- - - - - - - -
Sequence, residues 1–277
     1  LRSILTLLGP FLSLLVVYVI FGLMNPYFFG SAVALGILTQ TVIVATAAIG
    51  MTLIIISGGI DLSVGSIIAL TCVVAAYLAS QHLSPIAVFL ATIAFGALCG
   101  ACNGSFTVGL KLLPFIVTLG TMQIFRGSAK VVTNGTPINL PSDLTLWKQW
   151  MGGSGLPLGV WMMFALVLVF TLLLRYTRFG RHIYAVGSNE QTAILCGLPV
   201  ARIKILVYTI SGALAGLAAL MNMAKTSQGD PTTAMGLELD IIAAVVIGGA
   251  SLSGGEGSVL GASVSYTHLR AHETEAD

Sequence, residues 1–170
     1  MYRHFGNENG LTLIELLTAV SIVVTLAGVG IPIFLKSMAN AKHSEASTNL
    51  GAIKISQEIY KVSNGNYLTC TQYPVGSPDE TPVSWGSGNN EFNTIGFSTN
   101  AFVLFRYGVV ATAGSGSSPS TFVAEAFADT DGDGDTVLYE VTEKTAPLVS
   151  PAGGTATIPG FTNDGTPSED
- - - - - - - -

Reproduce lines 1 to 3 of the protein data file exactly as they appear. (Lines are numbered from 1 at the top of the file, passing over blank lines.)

Sequence, residues 1–277
     1  LRSILTLLGP FLSLLVVYVI FGLMNPYFFG SAVALGILTQ TVIVATAAIG
    51  MTLIIISGGI DLSVGSIIAL TCVVAAYLAS QHLSPIAVFL ATIAFGALCG